More clichés: I'll bet you've heard the one about the mayors. You know, the story about the hip Muslim progressive and the right-wing buffoon who were reportedly switched at birth and ended up in each others' cities? Enough already about that. Calgary has a mayor; Toronto has a long-running political joke. It won't change the outcome of the game.

And speaking of which, don't ask me who is going to win this Sunday's contest; I don't have a clue. I only know that if the Argos look for inspiration from the city's hockey team, their fate is already sealed -- humiliation at the hands of the cowboys from the west.

And such cowboys those westerners are, like hero quarterback Kevin Glenn who stepped up when the number one hurler was injured and has carried the team most of the season.

There's a player who encapsulates our western Canadian pride, all right. Which is all the more remarkable when you realize he's from Detroit.

 

Doug Firby is national affairs columnist and editor-in-chief of Troy Media.

Republished from the Winnipeg Free Press print edition November 23, 2012 A14

Fact Check

Fact Check

Have you found an error, or know of something we’ve missed in one of our stories?
Please use the form below and let us know.

* Required
  • Please post the headline of the story or the title of the video with the error.

  • Please post exactly what was wrong with the story.

  • Please indicate your source for the correct information.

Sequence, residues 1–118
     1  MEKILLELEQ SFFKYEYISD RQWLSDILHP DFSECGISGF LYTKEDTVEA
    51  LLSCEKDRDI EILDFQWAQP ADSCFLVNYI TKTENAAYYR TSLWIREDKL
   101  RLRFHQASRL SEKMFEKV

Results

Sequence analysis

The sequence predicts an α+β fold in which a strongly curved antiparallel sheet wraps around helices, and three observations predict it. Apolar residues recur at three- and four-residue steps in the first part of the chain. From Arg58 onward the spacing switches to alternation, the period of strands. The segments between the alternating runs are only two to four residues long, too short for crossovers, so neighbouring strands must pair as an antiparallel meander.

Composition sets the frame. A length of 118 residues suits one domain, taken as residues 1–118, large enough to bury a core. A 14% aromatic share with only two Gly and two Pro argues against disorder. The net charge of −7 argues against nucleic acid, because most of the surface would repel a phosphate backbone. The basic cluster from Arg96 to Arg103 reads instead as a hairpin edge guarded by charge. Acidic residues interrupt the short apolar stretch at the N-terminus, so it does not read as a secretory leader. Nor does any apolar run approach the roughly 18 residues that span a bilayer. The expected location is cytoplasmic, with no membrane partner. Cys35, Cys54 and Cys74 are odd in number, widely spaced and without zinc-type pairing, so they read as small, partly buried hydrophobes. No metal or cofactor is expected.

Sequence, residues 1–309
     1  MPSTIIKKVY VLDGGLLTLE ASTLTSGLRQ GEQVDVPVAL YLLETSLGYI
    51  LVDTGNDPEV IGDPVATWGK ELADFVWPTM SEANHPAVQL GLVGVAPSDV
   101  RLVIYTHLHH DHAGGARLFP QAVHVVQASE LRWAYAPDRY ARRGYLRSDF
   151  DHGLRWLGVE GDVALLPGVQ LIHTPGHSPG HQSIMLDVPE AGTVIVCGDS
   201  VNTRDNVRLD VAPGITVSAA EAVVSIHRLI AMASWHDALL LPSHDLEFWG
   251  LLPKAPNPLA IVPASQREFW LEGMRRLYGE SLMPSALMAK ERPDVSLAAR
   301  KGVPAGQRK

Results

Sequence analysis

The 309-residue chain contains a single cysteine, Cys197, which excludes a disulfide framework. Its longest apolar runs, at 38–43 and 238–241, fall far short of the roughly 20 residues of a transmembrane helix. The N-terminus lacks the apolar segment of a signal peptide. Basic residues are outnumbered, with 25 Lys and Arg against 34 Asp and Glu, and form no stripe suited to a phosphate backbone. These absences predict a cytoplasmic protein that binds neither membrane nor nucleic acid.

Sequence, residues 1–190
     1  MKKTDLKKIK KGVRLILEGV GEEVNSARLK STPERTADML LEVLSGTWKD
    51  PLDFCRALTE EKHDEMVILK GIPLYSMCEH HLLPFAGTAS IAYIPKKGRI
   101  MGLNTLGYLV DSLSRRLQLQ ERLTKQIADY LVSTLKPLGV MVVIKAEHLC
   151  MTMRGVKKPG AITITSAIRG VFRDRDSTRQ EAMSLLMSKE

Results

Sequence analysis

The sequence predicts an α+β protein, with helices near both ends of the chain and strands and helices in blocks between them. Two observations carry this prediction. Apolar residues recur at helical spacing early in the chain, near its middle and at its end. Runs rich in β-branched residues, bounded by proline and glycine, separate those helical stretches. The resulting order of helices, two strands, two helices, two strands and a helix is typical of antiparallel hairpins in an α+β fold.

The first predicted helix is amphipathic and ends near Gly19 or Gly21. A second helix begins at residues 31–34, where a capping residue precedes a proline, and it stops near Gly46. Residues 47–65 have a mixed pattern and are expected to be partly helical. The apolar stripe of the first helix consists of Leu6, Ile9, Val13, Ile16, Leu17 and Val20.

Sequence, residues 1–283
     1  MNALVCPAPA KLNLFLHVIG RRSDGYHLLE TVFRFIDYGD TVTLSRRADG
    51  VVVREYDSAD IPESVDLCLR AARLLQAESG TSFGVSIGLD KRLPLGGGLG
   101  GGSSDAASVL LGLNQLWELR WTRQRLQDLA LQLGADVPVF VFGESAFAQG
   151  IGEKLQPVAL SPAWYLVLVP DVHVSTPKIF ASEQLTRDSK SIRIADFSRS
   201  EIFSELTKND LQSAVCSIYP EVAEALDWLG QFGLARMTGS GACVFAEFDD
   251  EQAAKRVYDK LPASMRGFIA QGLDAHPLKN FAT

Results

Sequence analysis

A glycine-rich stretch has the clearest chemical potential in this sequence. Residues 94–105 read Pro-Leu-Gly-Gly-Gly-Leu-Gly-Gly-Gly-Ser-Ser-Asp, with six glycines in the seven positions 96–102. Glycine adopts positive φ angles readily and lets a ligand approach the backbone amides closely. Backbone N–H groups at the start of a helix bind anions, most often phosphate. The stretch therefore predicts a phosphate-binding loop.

• Yes

    No

  • This will only be used to contact you if we have a question about your submission, it will not be used to identify you or be published.

  • Cancel

Having problems with the form?

Contact Us Directly
  • Print

You can comment on most stories on winnipegfreepress.com. You can also agree or disagree with other comments. All you need to do is be a Winnipeg Free Press print or e-edition subscriber to join the conversation and give your feedback.

You can comment on most stories on winnipegfreepress.com. You can also agree or disagree with other comments. All you need to do is be a Winnipeg Free Press print or e-edition subscriber to join the conversation and give your feedback.

Have Your Say

New to commenting? Check out our Frequently Asked Questions.

Have Your Say

Comments are open to Winnipeg Free Press print or e-edition subscribers only. why?

Have Your Say

Comments are open to Winnipeg Free Press Subscribers only. why?

The Winnipeg Free Press does not necessarily endorse any of the views posted. By submitting your comment, you agree to our Terms and Conditions. These terms were revised effective April 16, 2010.

letters

Make text: Larger | Smaller

LATEST VIDEO

Inside peek at Real Pirates, new Manitoba Museum exhibit

View more like this

Photo Store Gallery

  • A group of Horese pose for the camera in the early evening light at Southcreek Stables in Stl Norbert Wednessday. Sept  14, 2011 (RUTH BONNEVILLE) / WINNIPEG FREE PRESS)
  • Aerial view of Portage and Main, The Esplanade Riel, Provencher Bridge over the Red River, The Canadian Museum for Human Rights and The Forks near the Assiniboine River, October 21st, 2011. (TREVOR HAGAN/WINNIPEG FREE PRESS) CMHR

View More Gallery Photos

Poll

Who will you vote for in Wednesday's mayoral race?

View Results

View Related Story

Ads by Google